Yesterday I read a very interesting article on the website FTM.nl (Follow The Money) titled "This is our new currency (if things go wrong with the euro)". It's an investigative journalism site which is unfortunately behind a paywall, but if you sign-up you can read the first month for free after which the subscription is cancelled automatically (articles are in Dutch but Google Translate will get you pretty far, for those interested).
Anyway, what peaked my interest was of course the title and subject of the article. There have always been rumours that during the Greek debt crisis the financial world and the Finance Ministers in particular took into consideration that the euro might collapse. What then? We couldn't just open the vaults and bring out the old gulden banknotes again.
The Dutch Finance Minister Jeroen Dijsselbloem never publicly admitted it but in deepest secret the Dutch banknote printer Royal Joh. Enschedé was preparing for exactly such an event. The article describes the search for these illustrious banknotes and the secrecy surrounding the production. Even admitting that such banknotes were being printed for a worst case scenario could very well have been explained as the Dutch already giving up on the euro furthering its downfall.
Although the journalist eventually had confirmation that the banknotes had indeed be printed, he never had visual proof of them. Rumour has it that they are still being kept in a gigantic vault in the middle of The Netherlands. No proof, until he met a retired public servant from the Dutch Ministry of Finance who (after some hesitation) showed him the note below.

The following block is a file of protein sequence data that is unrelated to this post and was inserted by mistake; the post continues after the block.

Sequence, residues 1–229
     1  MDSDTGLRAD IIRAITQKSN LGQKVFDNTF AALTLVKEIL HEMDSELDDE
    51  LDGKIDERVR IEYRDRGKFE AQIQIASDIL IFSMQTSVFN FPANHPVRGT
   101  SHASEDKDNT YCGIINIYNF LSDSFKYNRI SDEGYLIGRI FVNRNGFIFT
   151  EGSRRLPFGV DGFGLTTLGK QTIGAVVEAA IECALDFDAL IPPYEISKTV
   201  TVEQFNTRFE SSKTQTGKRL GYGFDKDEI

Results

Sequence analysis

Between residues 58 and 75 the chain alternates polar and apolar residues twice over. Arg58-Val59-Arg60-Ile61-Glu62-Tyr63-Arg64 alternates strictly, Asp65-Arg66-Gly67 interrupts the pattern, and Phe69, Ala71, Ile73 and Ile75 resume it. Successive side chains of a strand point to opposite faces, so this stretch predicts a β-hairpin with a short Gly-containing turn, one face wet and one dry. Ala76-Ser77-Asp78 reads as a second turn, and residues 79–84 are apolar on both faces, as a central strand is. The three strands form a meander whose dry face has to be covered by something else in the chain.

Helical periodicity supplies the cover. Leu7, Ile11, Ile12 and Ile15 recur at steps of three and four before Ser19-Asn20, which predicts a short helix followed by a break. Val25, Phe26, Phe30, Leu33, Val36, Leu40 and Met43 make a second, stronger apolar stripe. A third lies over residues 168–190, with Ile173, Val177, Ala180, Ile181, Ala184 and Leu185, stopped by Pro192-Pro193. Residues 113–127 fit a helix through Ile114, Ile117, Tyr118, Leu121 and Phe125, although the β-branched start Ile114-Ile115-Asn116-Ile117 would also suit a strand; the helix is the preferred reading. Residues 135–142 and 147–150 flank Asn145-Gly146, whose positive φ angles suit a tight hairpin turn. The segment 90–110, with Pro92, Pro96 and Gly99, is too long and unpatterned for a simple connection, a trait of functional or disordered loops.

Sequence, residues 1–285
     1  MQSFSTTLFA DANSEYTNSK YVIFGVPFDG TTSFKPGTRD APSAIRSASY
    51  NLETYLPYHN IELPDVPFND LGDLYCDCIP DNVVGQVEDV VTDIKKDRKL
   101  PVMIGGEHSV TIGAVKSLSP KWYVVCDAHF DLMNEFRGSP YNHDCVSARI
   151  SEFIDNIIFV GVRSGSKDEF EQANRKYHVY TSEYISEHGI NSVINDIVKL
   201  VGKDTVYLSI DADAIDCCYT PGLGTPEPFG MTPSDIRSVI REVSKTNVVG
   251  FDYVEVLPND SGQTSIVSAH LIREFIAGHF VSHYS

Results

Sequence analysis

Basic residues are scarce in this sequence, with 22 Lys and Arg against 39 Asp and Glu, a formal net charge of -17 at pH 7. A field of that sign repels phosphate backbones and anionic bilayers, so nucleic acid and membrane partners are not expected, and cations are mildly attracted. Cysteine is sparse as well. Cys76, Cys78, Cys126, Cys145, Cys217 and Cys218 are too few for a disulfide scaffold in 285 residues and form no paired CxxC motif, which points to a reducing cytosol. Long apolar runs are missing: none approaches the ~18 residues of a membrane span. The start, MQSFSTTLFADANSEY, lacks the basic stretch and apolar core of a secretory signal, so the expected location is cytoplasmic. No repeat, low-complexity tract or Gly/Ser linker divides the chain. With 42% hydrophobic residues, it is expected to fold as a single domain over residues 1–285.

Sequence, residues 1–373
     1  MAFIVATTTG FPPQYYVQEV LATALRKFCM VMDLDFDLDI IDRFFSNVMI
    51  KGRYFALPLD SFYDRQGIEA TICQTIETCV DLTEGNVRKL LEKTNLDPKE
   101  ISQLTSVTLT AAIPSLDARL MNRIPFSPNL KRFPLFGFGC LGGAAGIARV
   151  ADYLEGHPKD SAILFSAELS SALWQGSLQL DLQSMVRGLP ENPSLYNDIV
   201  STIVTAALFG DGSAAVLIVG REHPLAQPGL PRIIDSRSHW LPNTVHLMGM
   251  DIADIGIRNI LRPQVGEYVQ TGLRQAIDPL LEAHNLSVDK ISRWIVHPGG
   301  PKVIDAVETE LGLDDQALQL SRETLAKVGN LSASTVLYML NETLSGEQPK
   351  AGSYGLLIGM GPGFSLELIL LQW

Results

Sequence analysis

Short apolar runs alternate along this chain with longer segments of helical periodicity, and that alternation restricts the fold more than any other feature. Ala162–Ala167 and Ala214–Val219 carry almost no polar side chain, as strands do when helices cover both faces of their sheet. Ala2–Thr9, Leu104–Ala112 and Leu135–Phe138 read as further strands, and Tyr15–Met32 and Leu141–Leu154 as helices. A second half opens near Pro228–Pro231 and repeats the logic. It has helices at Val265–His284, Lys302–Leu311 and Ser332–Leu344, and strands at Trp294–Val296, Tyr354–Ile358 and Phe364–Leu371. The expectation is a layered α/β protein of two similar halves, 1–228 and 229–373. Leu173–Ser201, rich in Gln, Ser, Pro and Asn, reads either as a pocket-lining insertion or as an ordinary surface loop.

It's supposed to be a banknote of 5-florijn, the so-called proposed new currency of the post-euro Netherlands. As you may know, the florijn has been a currency in the past and is still used today in some parts of the world. How totally awesome would a find like that be??
Well... it's not. What the journalist was shown is a 5-florijn testnote from Royal Joh. Enschedé. A note which is not a secret at all but can be bought on eBay. The search for the real secret post-euro banknotes continues, I guess.
I recently visited my local brick and mortar store to get new plastic sheets for banknotes (I always use Leuchtturm Vario 3C by the way) but I couldn't pass the 1-euro bin without looking at the notes. For some reason I always find something wedged between some raggedy old notes. This day was no exception since there were a lot of new notes recently added.
The governor of the Banque Centrale du Congo (BCC), Deogratias Mutombo Mwana Nyembo, announced on 13 March 2017 new notes for the banknote series from 500 Congolese francs to 20,000 Congolese francs.
Part of the reason for this decision is the massive counterfeiting in Congo. Recent reports mention that 1.2% to 2% of the circulating highest denomination notes of 20,000 Congolese francs is actually false. This was the work of a gang that included a Director of the Banque Centrale du Congo by the name of Paluku, who stole the plates and had the notes printed in a country in Asia.
The banknotes of the new series will have new security feautures.
The Central Bank of Barbados has issued a special banknote celebrating the island’s golden jubilee. It is basically the same banknote issued in 2013 but with an added logo on the front reading "Barbados 50".